The City of Birmingham Symphony Orchestra often saves its most adventurous programming until late in the season, and there could be no more significant inclusion than this first UK hearing for Become Ocean – the most ambitious orchestral work to date by John Luther Adams. Now in his early-60s, the Alaskan-based composer has long integrated an environmental element into his thinking; here the underlying musical notion of emergence then return is mirrored in three continuous sections, duly overlaid with a palindromic trajectory as eventful as it is inexorable.
While the forces are hardly unorthodox, their division into three spatially delineated groups – strings, keyboards and percussion to the front of the stage, woodwind to rear left and brass to rear right (these latter with harp and percussion) – audibly clarifies the texture as it evolves, a pulsating momentum that effects the three climaxes; the second of which fairly overwhelms in sheer amplitude. Related more to the long-range formal processes of Morton Feldman than to any minimalist concept, Become Ocean is distinctive in content and personal in intention.
All credit to the CBSO for enabling Ludovic Morlot (who gave the premiere in Seattle almost two years ago) to schedule a piece that justifiably won the 2014 Pulitzer Prize for Music, and deserves its place within the (not too crowded) orchestral repertoire of the early-21st century. The performance left little to be desired, not least because this is music ideally suited to the acoustic of Symphony Hall – filling the auditorium to a degree that even a ‘surround sound’ recording would be hard-pressed to emulate. Rarely have 42 minutes proved so immersive.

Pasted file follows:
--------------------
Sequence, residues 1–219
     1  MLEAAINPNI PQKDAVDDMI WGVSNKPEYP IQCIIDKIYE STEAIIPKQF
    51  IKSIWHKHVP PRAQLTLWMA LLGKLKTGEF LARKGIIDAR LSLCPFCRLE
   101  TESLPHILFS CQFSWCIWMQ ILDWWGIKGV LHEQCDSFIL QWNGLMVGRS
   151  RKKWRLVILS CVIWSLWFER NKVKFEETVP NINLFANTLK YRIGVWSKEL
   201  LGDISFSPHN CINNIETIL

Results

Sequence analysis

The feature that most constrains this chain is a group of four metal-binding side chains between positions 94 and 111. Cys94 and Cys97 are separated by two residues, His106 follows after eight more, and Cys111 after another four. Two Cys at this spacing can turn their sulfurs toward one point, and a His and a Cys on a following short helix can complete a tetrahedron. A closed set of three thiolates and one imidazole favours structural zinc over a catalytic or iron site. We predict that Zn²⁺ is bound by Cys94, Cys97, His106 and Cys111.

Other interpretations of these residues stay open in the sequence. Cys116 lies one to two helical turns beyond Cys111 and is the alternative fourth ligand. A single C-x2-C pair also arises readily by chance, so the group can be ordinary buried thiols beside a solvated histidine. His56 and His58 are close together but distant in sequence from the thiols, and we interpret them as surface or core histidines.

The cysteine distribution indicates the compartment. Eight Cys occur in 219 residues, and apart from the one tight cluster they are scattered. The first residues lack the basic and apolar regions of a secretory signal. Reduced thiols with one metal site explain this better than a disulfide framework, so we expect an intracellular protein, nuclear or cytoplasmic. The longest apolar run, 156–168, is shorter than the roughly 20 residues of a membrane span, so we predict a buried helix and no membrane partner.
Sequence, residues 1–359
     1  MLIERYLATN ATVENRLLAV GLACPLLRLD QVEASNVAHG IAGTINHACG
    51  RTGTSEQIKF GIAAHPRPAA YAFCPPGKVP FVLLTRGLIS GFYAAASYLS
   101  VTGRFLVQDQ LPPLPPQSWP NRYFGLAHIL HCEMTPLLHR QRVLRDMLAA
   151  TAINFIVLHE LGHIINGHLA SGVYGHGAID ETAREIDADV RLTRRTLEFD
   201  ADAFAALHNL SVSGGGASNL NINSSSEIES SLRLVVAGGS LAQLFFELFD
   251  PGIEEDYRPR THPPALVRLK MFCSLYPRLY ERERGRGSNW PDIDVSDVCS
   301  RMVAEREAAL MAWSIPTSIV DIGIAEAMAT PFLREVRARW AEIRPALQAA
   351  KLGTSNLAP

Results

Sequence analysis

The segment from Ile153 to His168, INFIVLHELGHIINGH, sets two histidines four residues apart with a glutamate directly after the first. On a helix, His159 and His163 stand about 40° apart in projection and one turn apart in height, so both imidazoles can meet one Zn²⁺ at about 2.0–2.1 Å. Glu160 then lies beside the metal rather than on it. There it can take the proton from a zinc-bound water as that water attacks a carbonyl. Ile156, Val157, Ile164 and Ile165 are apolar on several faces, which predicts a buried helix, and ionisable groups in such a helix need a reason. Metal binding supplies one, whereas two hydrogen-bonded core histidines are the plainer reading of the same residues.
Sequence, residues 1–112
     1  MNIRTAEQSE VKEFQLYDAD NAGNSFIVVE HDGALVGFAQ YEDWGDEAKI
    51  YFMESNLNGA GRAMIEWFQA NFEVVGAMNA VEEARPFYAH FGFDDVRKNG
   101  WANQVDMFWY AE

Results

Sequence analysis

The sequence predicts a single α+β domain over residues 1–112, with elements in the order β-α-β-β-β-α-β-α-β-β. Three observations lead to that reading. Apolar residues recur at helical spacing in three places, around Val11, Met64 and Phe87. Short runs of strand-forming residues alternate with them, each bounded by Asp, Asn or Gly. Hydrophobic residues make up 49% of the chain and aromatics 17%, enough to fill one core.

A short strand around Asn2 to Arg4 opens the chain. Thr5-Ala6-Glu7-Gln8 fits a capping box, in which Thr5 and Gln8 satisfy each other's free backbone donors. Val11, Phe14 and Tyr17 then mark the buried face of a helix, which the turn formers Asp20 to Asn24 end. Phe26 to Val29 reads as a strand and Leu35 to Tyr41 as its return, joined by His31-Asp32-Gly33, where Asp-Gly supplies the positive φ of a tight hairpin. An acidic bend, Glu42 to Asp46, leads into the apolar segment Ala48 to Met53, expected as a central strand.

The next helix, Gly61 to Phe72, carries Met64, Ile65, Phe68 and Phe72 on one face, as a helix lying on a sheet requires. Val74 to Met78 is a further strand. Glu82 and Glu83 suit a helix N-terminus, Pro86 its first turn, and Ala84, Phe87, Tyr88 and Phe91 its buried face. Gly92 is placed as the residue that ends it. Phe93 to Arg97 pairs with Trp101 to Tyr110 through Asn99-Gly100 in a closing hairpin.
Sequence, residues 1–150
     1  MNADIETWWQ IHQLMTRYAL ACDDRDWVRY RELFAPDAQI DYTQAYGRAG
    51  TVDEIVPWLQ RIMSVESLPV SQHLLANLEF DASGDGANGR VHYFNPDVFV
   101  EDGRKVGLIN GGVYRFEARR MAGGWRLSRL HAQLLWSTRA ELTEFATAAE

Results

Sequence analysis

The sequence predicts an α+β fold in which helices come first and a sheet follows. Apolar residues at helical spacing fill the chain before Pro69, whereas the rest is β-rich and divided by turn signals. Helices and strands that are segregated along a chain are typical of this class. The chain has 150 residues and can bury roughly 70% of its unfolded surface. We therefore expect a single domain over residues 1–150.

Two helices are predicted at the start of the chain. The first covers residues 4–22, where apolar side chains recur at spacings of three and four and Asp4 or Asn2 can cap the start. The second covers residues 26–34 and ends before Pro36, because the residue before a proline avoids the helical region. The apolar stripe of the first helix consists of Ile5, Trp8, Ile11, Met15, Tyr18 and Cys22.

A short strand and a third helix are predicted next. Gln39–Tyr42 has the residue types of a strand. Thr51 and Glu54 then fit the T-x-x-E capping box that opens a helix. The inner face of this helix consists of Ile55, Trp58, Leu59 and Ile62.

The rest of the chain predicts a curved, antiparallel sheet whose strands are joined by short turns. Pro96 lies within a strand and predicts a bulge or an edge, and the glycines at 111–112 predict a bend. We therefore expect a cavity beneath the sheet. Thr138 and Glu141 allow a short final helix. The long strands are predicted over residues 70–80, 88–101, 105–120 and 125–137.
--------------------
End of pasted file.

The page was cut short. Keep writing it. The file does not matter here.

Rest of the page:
The hour-long first half was almost a concert in itself. Continuing his exploration of Ravel, Steven Osborne played both Piano Concertos – (rightly) tackling the G-major first and getting to the heart of the opening movement as it alternates between brittle humour and bluesy longing. The Adagio was hardly less impressive, Osborne setting off with a discreet purposefulness that Morlot picked up on to ideal accord, and if the Presto felt at all calculated, its interplay of ingenuity and nonchalance held good through to the brusque closing gesture.
Even finer overall was the Left-Hand Piano Concerto, its three-movements-in-one format seamlessly and cumulatively negotiated so that intensity never flagged. Nor was Osborne fazed by its conception, playing with a clarity and definition as did not preclude a searching eloquence in the limpid theme whose heightened return in the coda crystallizes the expressive depth of this work overall. Morlot secured orchestral playing of real impact, while Osborne returned for an ‘Oiseaux tristes’ (second piece from Miroirs) interpreted with ineffable poise.
Each Concerto was prefaced with music by Sibelius. It is surprising the ‘Prelude’ from his music for The Tempest does not regularly open proceedings, given its surging impetus and sense of imminent catastrophe – both vividly conveyed here – make for a curtain-raiser like no other. If The Oceanides felt a little impassive near the outset, its swirling textures merged effortlessly towards the climax – a double helix of giddying immensity prior to the pensive close. Such evocations of immutable forces added cohesion to an already impressive concert.